As soon as I started earning, I put money aside each month to pay off the overdraft and sure enough within a year I was debt-free. However, when I left my job to start my business, I accepted that I would undoubtedly find myself back knocking at the door of my overdraft. It wasn’t something I was going to beat myself up about, as I was foregoing a regular, reliable pay-cheque in favour of chasing a dream which is all very well and good, until you realise that dreams come with sacrifice. Often sacrifices with a few zeros on the end of them. My parents were very generous in not asking me to pay rent when I moved home as they understood that I was spending my money on building a future, but neither did I want to completely forego contributing to the cost of a third adult now living and eating in the house. Debt was just something that was going to be a part of my life for the foreseeable until I found my feet again.
Despite my initial nonchalance – the debt was interest free, after all – I knew that I didn’t want to spend another year looking at my bank statements to be met with a menacing little minus symbol in front of my balance, reminding me that any money I saved would simply go towards paying the bank back instead of any sort of personal gain. I knew January wasn’t going to be the month I made this sort of money – nobody’s feeling financially robust in the post-Christmas faze – therefore February was to be my debt-busting month.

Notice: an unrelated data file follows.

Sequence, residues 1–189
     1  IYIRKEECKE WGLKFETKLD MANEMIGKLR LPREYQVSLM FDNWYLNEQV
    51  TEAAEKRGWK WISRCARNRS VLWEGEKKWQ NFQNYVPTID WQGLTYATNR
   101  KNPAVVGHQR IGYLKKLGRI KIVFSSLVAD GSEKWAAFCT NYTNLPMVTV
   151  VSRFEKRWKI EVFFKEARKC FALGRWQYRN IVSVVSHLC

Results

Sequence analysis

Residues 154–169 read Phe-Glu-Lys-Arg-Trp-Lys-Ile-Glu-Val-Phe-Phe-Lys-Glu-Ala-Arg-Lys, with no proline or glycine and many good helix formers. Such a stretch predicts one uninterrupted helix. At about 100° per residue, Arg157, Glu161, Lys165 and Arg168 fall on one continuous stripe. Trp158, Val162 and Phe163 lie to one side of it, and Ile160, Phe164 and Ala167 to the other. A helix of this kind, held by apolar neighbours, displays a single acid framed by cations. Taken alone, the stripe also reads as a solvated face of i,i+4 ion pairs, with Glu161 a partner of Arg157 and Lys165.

So how did I do it?
Well…£2,500 felt like a lot of money to shift, especially given that I had £250 worth of direct debits leaving my account monthly as soon as wage day came, as well as my normal outgoings including horse care, socialising, book buying and so on. When I sat down and work out where I could cut corners, there was only really one section of my spending that I could curb: eating out.
I don’t think anybody who knows me would claim I am Mid Wales’s answer to Carrie Bradshaw – I like nice clothes and I like nice food, but I certainly was not dining out on oysters and champagne five nights a week. However, there came a point when looking at my bank transactions where I asked myself if I really needed to be grabbing quite as many coffees-to-go and could I honestly not live without my favourite focaccia and homemade hummus from the local Middle-Eastern deli? Not to mention the countless salad boxes I’d bring home, when I had perfectly good salad ingredients in the fridge. I needed to cut out my predilection for food cooked by other people, which I could have easily cooked myself, if I were to make a dent in my spending habits. To make sure I stuck to it, I worked out how much I spent on non-essential food purchases in an average month, then transferred that sum of money into my ‘Overdraft Repay’ pot. Psychologically, the move instilled in me the notion that I didn’t have that money to spend on eating out, so I didn’t do it. It was difficult walking past the deli on a Saturday morning as the aroma of freshly baked focaccia wafted over me, but I knew I didn’t have the money to spend and so I had to just trudge on by, convincing myself I had something just as delish at home.